Historians know a great deal about how wars begin, but far less about how they end. Whilst much has been written about the forces, passions, and institutions that mobilized societies for war and worked to sustain that mobilization through years of struggle, much less is known about the equally complex processes that demobilized societies in the wake of armed conflict. As such, this new book will be welcomed by scholars wishing to understand the effects of the Great War in its fullest context, including the reactions, behaviors, and attitudes of 'ordinary' Europeans during the tumultuous events of the years of demobilization. Taking a transnational perspective on demobilization this study demonstrates that the experience of mass industrial war generated remarkably similar pressures within both the defeated and victorious countries. Using as examples the important provincial centres of Munich and Manchester, this book examines the experiences of European urban-dwellers from the last year of the war until the early 1920s. Utilizing a wide variety of sources from more than twenty archives in Germany, Britain, and the United States, this book recovers voices from the period that are often lost in conventional narratives, capturing the richness and diversity of the ideas, visions, and conflicts engendered by those difficult and tumultuous years. The result is a book that paints a vivid picture of the difficulties that peace could bring to economies and societies that had rapidly and fully adapted to the demands of industrial world war.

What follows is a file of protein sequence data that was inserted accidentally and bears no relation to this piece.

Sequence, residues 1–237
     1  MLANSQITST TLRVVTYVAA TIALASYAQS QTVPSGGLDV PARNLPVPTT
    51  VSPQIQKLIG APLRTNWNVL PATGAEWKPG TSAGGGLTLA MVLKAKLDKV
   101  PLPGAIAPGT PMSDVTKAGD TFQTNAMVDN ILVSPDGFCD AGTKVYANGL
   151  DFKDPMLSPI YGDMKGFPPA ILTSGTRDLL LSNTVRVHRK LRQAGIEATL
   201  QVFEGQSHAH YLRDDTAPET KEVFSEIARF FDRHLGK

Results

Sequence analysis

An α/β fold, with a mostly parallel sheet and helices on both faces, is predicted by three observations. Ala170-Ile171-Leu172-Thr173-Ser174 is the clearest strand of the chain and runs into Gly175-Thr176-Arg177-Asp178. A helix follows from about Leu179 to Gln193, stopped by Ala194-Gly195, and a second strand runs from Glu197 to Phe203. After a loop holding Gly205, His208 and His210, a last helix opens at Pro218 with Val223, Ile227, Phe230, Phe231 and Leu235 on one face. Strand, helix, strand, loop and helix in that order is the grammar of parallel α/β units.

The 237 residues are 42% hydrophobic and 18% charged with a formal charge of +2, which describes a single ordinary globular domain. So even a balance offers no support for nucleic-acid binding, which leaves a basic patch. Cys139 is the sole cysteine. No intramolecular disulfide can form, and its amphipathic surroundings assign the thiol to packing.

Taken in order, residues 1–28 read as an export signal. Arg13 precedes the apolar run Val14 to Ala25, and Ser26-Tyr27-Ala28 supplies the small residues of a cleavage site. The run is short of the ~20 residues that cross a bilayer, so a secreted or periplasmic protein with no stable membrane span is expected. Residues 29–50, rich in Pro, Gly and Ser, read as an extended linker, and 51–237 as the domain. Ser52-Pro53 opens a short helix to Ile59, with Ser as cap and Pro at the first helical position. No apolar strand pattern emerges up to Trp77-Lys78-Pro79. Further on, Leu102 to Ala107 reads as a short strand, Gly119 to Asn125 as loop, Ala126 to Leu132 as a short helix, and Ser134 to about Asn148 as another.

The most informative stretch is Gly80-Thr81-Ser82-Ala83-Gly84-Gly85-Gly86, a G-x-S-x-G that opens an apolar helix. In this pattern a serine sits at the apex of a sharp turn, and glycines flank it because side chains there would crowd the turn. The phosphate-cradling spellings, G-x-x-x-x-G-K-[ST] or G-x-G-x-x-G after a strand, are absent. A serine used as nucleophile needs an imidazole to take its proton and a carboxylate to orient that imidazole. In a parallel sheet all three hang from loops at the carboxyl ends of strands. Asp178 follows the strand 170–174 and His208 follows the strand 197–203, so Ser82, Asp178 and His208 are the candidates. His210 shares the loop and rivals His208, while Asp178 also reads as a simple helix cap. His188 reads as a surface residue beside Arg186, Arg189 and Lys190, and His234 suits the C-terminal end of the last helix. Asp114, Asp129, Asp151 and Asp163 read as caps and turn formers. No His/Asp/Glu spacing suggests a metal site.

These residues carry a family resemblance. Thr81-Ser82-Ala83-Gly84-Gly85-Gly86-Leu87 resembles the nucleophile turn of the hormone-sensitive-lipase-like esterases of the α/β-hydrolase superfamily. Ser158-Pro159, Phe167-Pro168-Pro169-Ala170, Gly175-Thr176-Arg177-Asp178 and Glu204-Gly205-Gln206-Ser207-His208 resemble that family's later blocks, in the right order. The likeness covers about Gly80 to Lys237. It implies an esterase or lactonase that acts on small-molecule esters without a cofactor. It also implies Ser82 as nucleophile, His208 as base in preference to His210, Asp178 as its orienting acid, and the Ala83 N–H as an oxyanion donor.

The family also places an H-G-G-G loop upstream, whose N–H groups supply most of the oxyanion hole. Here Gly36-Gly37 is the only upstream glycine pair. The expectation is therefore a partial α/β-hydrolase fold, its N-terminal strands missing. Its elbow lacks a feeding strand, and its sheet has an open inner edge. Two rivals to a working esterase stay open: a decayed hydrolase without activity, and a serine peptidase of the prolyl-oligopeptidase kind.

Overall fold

Table of Contents
Contents: Introduction: Munich, Manchester, and the demobilization of Europe. 1917-1921; Manchester. Munich, and urban Europe in 1914. Section I Visions of the End: 1917-18 and the Beginnings of Demobilization: 'Do something!': Manchester in transition and war, 1917-18; An immeasurable sacrifice of blood and treasure: Munich at war, 1917-18. Section II 'The Man Afterwards Changed Completely': Demobilizations, Homecomings, and Transformations: 'The fabric of Europe and the world was being remade': the Armistice and after in Manchester; 'We don't want gratitude, we want our rights': demobilization, violence, and politics in Munich, 1919. Section III 'The Dregs of this Bitter Chalice': Crisis and the End of Demobilization, 1920-1921: 'Ordeal by peace': Manchester 1920-21; Scapegoats for a lost war; the crisis of demobilization in Munich, 1920-21; Conclusion: ending and beginning again; Bibliography; Index.
Adam R. Seipp is an Assistant Professor of History at Texas A&M University, USA
’The Ordeal of Peace is a monument to careful scholarship... Seipp has produced an admirable work that not only broadens our understanding of demobilization, but also shows the promising possibilities for transnational comparisons of urban experiences in war or peace.’ Urban History 'This book is thoroughly researched and makes use of a wide variety of archival and published sources... Seipp’s perspective on the ways that wartime institutions and cultures influenced the post-war years is a welcome addition to the field of First World War studies and deserves a wide readership.' European History Quarterly